Small-scale, independent breeders like myself become stewards of precious, irreplaceable genetic resources.  Breed conservation is a great responsibility. My goal is to ensure the bloodlines I'm working with not only survive for the next generation to enjoy, but that they continue to demonstrate every wonderful detail that makes the breed unique and special. I take this responsibility very seriously.  It’s a careful and ongoing balancing act to ensure my lines are staying true to the distinct form AND functions for which they were originally intended.

There is no way to compare this very intentional and purposeful type of breeding program to the very different objectives of a large-scale producer. There are also many cost-saving, and labour saving advantages in commercial production systems such as buying feed in bulk, using automated equipment or destroying male chicks at hatch. I grow out the cockerels I hatch along with the pullet chicks, even though it is a more expensive way to raise chickens.  My clientele is mainly made up of other breeders like myself as well as exhibitors, farmers and acreage owners who are interested in raising the same old-fashioned breeds as I have chosen, and can appreciate the value of raising them in the traditional ways.

It also bears mentioning that each of my breeds are highly acclaimed in poultry exhibition circles, with many championship awards at major shows in Canada.  If I was searching for high quality dogs or horses, I would check their pedigree and performance history.  Since chickens do not come with a pedigree, exhibition achievement is the only way to ascertain the level of quality of a particular bloodline. So, while I do enjoy selling some extra pullets to urban and backyard enthusiasts when I have them available, buyers need to understand the factors that influence pricing.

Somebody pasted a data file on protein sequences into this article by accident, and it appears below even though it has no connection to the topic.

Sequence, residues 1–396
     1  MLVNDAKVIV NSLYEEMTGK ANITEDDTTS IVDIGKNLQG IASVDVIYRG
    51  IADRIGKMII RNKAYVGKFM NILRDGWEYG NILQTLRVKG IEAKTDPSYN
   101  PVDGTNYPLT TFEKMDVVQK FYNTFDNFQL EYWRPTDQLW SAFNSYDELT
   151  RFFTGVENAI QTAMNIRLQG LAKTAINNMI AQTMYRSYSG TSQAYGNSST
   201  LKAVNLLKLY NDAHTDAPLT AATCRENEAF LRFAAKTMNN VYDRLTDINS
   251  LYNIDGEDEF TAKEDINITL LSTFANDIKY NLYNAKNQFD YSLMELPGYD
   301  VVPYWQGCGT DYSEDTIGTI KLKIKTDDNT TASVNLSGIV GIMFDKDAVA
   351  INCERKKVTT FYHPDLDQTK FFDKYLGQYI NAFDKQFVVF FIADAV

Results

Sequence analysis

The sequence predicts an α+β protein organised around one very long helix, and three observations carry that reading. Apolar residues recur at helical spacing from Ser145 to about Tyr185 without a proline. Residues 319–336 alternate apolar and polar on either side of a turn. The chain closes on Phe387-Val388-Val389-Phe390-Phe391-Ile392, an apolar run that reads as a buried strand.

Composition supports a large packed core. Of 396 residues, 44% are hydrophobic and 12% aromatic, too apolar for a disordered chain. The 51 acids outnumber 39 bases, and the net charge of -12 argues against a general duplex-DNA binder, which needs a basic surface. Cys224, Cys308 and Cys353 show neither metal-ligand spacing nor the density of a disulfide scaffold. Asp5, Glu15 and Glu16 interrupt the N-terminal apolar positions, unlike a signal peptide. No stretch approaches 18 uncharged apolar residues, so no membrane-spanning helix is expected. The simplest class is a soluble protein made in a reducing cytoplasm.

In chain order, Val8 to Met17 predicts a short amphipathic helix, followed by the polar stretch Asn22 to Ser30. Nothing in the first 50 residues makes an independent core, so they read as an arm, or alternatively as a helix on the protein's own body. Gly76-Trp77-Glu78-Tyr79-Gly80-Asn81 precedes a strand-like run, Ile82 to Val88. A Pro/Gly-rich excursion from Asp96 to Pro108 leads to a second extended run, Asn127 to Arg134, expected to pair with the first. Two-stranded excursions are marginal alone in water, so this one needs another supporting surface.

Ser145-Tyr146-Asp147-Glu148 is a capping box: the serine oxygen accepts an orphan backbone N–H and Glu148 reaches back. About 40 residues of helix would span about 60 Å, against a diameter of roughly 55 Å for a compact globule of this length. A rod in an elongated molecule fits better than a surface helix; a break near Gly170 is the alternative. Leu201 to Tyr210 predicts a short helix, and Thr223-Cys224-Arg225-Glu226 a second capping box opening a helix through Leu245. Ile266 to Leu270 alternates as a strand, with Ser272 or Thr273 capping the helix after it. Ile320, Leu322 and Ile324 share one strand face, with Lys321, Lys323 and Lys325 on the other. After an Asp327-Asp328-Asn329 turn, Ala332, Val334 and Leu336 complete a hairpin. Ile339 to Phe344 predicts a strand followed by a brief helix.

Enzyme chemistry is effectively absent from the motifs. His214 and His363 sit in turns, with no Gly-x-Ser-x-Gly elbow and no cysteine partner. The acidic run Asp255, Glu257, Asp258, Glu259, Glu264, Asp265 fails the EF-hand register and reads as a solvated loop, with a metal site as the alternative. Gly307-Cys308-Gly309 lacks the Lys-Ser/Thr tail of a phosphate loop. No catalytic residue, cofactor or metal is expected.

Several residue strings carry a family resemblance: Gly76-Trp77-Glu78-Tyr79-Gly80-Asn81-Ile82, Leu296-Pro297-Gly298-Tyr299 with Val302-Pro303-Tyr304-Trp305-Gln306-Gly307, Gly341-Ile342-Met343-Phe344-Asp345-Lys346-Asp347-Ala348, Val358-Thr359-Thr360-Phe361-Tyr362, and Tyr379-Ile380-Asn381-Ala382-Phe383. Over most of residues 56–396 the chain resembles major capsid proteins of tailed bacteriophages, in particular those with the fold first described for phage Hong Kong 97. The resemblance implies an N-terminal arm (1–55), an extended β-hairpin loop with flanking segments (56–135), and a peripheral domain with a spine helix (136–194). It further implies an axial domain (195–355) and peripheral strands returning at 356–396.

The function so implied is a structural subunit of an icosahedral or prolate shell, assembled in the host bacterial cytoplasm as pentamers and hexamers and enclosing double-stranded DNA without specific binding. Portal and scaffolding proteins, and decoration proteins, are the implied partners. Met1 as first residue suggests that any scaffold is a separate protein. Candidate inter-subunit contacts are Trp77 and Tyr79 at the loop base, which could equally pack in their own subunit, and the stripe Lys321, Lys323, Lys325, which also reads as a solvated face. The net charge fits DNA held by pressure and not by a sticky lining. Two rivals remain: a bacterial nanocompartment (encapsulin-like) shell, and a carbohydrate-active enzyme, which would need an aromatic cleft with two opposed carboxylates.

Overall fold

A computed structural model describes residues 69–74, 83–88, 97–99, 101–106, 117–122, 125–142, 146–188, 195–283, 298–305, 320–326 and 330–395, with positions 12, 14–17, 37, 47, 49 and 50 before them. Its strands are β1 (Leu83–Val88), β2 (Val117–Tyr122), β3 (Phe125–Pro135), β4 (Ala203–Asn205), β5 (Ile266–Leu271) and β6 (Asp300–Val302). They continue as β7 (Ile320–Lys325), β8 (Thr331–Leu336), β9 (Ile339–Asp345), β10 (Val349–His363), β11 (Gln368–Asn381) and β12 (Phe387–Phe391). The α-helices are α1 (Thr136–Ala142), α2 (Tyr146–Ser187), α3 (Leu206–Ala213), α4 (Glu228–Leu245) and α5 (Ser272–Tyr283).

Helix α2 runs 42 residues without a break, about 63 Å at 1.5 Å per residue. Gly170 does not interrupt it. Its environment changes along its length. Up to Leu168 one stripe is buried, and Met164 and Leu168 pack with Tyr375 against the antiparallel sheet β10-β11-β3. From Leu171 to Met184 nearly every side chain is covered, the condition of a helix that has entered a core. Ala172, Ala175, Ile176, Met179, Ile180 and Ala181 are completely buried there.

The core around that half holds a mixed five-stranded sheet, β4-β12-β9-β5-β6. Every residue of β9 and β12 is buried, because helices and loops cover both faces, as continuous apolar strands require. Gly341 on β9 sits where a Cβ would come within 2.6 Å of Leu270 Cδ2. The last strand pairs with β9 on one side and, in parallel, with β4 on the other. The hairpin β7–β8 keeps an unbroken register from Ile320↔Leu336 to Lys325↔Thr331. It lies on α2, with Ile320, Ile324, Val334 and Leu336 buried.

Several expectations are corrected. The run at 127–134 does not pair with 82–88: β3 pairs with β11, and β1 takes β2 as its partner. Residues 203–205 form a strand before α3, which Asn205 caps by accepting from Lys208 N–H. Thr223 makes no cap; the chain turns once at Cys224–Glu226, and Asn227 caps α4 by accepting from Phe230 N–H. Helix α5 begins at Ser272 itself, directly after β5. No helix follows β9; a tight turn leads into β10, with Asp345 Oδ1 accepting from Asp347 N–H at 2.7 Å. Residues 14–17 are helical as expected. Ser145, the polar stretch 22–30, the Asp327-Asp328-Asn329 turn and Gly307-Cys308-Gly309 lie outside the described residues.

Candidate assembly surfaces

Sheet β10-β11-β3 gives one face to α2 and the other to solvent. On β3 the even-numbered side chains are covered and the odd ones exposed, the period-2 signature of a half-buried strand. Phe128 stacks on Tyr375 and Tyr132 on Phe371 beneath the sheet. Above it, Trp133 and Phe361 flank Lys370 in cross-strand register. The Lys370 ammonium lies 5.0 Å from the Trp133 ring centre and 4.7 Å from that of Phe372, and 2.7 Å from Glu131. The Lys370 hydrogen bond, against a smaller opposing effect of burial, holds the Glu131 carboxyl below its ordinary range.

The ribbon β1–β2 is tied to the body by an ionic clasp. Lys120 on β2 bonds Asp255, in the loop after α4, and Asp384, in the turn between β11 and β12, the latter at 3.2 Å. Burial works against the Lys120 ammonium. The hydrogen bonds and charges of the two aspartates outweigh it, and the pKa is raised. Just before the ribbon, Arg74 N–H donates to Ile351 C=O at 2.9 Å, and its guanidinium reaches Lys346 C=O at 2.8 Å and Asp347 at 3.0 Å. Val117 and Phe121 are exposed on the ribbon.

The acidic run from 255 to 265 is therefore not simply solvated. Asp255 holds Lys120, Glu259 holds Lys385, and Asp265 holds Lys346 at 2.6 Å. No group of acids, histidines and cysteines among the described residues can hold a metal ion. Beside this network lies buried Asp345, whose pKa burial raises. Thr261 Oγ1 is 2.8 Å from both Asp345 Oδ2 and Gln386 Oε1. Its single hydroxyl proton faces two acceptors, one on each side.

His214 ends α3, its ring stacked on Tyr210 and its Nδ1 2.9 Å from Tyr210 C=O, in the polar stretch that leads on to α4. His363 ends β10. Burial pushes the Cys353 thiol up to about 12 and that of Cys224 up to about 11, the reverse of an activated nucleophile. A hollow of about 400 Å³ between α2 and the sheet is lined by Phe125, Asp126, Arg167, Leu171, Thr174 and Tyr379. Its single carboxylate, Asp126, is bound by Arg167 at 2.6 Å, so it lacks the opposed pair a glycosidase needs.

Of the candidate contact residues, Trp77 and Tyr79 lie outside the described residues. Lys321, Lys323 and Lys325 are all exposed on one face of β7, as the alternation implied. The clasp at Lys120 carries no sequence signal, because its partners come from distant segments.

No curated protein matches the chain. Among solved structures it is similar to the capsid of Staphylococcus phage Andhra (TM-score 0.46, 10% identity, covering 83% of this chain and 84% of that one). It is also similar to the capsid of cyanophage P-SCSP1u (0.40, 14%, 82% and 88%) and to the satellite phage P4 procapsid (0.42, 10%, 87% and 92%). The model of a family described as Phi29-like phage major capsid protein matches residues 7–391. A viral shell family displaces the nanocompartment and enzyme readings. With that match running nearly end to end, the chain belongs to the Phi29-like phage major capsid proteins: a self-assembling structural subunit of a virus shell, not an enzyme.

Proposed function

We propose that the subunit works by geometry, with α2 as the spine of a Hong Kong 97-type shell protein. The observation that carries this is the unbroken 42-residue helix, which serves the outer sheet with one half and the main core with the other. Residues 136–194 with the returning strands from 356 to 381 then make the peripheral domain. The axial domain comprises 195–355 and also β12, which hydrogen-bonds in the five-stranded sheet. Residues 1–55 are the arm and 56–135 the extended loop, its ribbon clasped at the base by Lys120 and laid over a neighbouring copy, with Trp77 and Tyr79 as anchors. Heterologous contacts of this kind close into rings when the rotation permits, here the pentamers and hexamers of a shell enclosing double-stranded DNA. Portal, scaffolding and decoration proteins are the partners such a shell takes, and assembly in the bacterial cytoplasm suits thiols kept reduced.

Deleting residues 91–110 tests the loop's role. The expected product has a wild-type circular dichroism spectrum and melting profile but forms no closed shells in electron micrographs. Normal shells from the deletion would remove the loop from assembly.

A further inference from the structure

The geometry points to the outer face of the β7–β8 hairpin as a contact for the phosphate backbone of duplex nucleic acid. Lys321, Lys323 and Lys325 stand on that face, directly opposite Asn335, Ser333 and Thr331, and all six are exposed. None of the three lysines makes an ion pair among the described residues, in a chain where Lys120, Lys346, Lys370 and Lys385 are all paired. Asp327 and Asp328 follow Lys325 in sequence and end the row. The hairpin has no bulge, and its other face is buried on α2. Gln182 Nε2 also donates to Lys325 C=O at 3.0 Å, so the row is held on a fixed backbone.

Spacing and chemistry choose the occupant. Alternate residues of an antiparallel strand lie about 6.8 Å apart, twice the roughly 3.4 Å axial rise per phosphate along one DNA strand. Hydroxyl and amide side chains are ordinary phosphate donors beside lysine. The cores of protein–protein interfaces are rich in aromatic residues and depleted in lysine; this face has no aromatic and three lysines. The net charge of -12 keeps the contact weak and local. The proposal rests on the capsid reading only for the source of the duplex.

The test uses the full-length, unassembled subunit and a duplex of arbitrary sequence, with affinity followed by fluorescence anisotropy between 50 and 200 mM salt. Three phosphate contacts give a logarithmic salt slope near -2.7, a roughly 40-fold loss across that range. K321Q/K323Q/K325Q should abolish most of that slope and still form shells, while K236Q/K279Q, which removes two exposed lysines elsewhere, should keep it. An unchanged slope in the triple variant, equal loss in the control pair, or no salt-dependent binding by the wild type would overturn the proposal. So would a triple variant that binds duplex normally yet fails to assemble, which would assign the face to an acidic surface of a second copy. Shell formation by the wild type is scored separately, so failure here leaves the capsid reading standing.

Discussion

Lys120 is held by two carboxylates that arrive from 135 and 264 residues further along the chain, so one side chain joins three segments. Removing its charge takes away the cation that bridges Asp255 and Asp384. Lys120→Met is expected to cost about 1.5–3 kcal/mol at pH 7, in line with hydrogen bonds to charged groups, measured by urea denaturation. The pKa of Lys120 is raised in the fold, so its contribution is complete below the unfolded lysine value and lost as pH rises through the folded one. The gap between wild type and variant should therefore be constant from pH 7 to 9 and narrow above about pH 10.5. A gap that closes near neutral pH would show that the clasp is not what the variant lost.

Why don’t you sell baby chicks or hatching eggs?

I grow out all of the chicks I hatch myself so that I can watch them develop, remove any that are not thriving, and eventually select the top performers to keep back for my own replacements and to share with others. This is the only way to maintain and/or improve the overall quality of a flock.  Also, by selling only well-started juveniles and young adults I’m better able to assess each bird and price it accordingly.  I charge a bit less for “pet quality, or layer quality" hens, and the top birds I raise each year will be in demand as breeding or show stock.  

Another reason is that I keep my mating groups very small, either 1 or 2 (or sometimes 3) hens per rooster. This allows me to track the chicks from successful matings and keep useful records that will help me continue to make informed breeding decisions each year.  As soon as I have hatched the number of chicks I feel I will need from a particular mating, that pen is broken up.  The hens can then return to communal layer flock to hang out with their hen friends, and the breeding pens are transformed into grow-out spaces for the new crop of youngsters.  For large breeds especially, too much rooster attention over a prolonged period causes feather damage and feather loss in the hens, and can even result in injuries, so I don’t extend their time in mating groups in order to sell fertile eggs.